The University of Utrecht in Holland is working together with animal welfare organizations to give their small laboratory animals, like mice and rats, a forever home.
For larger ex-experimental animals such as dogs and cats, people try to find them a home. With small animals, this was not the case. Animals welfare organizations wanted to change that.
Since October last year, a pilot started to save small laboratory animals. So far, 156 mice and 8 rats have been relocated. Employees of Animal Rights picked up many of these animals and brought them to their new homes.
One of those owners is the Dutch Jeroen de Hoog. He took in seven rescued mice and gave them a new life. “I was looking for mice as a companion for the one mouse I already have. My pen is large enough to house eight mice. I want to give them (the seven mice) a second life”, Jeroen told the Dutch news organization RTL Nieuws.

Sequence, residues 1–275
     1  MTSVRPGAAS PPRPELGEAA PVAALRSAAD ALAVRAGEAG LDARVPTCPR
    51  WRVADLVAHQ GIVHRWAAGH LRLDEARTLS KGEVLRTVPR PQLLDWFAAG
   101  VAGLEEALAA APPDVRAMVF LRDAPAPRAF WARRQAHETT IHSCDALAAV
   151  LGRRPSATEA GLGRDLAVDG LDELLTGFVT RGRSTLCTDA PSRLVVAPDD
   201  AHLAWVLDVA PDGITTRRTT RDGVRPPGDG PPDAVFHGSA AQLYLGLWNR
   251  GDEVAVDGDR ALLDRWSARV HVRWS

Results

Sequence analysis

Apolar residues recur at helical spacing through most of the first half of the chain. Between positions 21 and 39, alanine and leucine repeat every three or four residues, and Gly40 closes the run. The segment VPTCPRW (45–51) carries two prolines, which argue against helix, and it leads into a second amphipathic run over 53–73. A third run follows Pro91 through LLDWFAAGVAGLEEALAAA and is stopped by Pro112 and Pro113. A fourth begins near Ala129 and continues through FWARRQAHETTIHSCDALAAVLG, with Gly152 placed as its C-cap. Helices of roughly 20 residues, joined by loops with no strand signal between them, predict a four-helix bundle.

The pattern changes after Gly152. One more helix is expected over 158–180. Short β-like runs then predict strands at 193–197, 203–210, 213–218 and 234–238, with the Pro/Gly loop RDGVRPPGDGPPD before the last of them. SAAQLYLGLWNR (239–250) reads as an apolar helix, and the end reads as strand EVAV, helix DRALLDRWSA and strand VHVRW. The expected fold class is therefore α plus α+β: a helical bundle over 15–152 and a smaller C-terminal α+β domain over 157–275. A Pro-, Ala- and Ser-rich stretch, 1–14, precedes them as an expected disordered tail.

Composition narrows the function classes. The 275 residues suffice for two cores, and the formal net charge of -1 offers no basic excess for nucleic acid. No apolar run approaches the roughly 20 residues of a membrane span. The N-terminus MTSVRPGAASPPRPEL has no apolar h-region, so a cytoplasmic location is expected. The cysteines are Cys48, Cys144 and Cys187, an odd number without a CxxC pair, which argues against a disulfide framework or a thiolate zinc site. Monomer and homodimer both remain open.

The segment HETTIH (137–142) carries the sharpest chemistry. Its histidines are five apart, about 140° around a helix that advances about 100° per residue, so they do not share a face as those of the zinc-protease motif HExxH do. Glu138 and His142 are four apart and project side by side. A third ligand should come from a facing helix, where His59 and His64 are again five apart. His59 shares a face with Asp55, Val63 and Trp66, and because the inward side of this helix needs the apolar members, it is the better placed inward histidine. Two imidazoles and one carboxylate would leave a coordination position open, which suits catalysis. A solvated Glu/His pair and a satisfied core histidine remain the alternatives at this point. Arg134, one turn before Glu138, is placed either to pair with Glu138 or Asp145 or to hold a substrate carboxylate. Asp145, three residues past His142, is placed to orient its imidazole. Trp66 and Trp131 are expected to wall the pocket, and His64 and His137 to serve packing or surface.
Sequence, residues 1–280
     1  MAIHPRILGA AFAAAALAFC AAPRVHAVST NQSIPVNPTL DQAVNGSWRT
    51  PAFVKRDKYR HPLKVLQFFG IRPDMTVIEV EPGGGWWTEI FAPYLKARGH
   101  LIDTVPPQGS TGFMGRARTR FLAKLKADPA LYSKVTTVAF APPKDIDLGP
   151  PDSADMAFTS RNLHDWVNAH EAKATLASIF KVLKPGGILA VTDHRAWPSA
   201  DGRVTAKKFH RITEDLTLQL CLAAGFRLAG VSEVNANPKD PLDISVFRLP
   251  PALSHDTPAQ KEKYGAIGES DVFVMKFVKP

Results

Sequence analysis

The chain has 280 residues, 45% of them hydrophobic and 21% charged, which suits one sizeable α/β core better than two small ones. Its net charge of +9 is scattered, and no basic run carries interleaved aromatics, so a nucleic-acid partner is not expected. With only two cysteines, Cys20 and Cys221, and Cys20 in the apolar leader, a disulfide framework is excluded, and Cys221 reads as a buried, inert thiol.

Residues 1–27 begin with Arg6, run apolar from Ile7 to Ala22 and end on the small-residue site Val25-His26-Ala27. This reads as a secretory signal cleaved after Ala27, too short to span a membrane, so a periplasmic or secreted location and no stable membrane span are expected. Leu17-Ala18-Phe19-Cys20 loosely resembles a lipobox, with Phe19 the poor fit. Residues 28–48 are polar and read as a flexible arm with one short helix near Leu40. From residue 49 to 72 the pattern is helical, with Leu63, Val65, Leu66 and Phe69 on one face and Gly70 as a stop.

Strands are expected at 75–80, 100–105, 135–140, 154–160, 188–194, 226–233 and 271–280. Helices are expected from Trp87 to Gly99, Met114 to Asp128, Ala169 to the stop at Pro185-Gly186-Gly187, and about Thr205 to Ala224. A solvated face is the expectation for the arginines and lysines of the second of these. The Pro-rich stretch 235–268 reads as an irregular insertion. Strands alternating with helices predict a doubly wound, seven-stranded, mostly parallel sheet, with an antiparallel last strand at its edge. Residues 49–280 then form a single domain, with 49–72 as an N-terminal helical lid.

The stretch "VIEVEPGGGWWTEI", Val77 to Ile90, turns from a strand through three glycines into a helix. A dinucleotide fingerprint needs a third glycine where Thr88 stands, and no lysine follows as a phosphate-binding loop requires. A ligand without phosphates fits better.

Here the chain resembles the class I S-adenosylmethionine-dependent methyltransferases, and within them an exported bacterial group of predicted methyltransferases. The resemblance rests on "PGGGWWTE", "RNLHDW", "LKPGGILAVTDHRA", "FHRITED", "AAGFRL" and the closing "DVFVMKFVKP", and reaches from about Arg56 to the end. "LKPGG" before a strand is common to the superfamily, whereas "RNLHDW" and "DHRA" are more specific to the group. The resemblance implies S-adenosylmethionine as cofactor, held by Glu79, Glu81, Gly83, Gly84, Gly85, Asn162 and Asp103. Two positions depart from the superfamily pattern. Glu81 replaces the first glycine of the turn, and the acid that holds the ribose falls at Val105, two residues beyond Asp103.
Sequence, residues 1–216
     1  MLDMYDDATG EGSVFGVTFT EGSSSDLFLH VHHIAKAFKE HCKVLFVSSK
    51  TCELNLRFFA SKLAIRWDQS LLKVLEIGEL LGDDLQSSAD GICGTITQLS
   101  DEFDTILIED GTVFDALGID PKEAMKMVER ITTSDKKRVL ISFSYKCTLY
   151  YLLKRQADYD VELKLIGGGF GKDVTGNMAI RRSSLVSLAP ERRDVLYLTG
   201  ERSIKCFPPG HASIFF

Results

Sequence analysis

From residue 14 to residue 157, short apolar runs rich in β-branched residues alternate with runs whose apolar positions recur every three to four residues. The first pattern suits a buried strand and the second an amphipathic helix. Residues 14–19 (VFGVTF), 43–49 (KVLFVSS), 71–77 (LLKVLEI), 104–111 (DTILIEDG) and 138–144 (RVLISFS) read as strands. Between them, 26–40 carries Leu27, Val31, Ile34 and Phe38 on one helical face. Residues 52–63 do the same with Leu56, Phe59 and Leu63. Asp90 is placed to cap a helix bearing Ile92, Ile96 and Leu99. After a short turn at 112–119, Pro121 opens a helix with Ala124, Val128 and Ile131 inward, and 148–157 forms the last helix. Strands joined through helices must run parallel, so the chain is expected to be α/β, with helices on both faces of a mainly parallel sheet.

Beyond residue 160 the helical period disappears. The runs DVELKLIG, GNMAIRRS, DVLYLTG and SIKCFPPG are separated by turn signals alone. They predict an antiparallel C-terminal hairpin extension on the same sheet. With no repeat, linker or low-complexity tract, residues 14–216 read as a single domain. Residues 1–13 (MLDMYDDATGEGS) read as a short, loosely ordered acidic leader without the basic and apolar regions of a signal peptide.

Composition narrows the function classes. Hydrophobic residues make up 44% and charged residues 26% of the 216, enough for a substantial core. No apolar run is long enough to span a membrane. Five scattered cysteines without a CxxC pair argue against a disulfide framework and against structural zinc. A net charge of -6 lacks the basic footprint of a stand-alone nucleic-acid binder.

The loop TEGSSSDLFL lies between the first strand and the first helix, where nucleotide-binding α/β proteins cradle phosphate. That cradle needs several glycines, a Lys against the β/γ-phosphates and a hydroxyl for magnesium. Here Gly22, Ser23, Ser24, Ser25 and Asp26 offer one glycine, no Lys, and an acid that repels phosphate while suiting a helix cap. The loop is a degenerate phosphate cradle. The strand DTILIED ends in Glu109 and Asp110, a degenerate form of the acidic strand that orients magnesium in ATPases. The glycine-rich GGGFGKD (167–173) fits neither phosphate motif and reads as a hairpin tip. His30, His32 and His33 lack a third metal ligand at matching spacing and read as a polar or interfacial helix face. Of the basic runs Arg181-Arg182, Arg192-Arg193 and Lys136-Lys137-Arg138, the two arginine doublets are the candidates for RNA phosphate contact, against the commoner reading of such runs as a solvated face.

Encourage more universities to save small animals
The Univerisity of Utrecht hopes that the initiative will be widely followed: “We will take our story to national and international conferences to discuss the results with colleagues. Some think that large numbers of rodents can never all be placed, but so far it is going well. More than a hundred animals have already been relocated in six months. So we are hopeful,” a spokesperson of the university said.
Doing experiments on animals still happens daily. Even after many studies have been done questioning how effective animal testing actually is. Most tests are done on mice and rats. Rabbits and guinea pigs are also commonly used, and smaller amounts of dogs, mostly beagles and non-human primates.
Worldwide, the number of animals used in animal experiments annually is estimated at 115 million. The few animals that survive the experiments are often greatly damaged, both physically and mentally.
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